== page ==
How to Maintain Your Home Radiators

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How to Maintain Your Home Radiators

A well-maintained home heating system—including the radiators—uses less power, and heats the space more efficiently. On occasion, it is appropriate for a trained professional to inspect your system, but you can take other steps to keep your radiators working properly. Proper maintenance not only allows your system to function, but it allows you to spot and solve any problems before they become larger issues.


Adjust the Slope

Radiators without a slight slope towards the steam inlet pipe can cause a furnace to make knocking and clunking noises. This inlet pipe comes out of the floor or wall in proximity to your furnace. To add slope to the pipes, put a wood wedge under the feet of the radiator's vent. Use a level to double check for a slope.


Repair Vent Blocks

A block in a radiator's vent prevents steam from entering, which minimises the radiator's ability to heat a space. Rust, paint, mineral deposits, and corrosion commonly cause blockages. To clean the radiator vent, close the supply valve to cut off steam to the radiator. Remove the valve and place it in a hot pot of vinegar. Let it soak for 30 minutes, replace the valve, and check the steam flow. If the valve still does not properly allow steam in and out, replace it with a new one.


Check Inlet Valve Position

The inlet valves regulate the amount of steam that enters the radiator. Not only does a partially open valve not regulate steam properly, but it also clangs and bangs noisily on the inlet pipe. In the cold months, open the radiator valves completely. In the warm months, close the valves all the way. This makes the radiator system quieter and more energy efficient.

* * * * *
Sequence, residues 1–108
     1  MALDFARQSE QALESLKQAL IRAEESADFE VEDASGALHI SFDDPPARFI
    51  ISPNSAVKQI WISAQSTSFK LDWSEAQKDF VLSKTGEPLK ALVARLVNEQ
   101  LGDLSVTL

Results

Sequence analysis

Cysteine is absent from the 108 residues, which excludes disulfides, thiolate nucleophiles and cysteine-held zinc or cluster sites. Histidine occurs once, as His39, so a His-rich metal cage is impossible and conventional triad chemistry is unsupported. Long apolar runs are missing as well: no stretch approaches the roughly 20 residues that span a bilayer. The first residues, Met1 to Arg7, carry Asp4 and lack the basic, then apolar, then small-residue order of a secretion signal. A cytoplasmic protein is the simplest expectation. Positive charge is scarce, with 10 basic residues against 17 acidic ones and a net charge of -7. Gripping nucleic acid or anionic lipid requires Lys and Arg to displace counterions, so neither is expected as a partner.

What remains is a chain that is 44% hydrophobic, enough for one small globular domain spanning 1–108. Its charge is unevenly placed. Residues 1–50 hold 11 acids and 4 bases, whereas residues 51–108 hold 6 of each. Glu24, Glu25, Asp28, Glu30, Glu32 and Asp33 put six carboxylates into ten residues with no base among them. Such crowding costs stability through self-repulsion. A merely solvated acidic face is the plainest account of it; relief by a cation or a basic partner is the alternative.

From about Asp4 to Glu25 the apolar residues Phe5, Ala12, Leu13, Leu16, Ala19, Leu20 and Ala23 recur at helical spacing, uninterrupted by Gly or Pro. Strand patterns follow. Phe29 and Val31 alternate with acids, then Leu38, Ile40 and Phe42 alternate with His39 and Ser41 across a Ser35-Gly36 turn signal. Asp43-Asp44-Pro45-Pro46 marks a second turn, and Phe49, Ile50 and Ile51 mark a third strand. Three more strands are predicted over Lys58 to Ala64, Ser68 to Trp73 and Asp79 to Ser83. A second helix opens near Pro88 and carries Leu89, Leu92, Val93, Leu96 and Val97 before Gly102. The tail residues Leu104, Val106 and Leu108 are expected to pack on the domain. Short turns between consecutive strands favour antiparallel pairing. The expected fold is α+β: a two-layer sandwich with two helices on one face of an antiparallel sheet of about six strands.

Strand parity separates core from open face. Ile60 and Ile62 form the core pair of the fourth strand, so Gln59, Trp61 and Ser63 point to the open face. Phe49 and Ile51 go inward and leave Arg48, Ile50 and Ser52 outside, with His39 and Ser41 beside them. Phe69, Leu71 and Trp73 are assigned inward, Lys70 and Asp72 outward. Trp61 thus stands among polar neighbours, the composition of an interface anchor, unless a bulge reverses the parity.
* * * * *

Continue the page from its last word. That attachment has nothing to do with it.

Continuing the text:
Close Leaky Valves

Typically, inlet valves leak from the buildup of steam condensation. Loose radiator valve caps on the top and side are the most common causes. With one radiator spanner on the valve and another on the cap, twist until tight. If necessary, buy replacement caps. Leaks that come from the bottom of the valve might be due to a faulty gland nut. Tighten it with a gland nut spanner. If the problem persists, it might be an issue with the double-threaded brass connector, which connects the valve to the radiator. Purchase a replacement and use two spanners to disassemble and reassemble the valve, radiator, and new connector.

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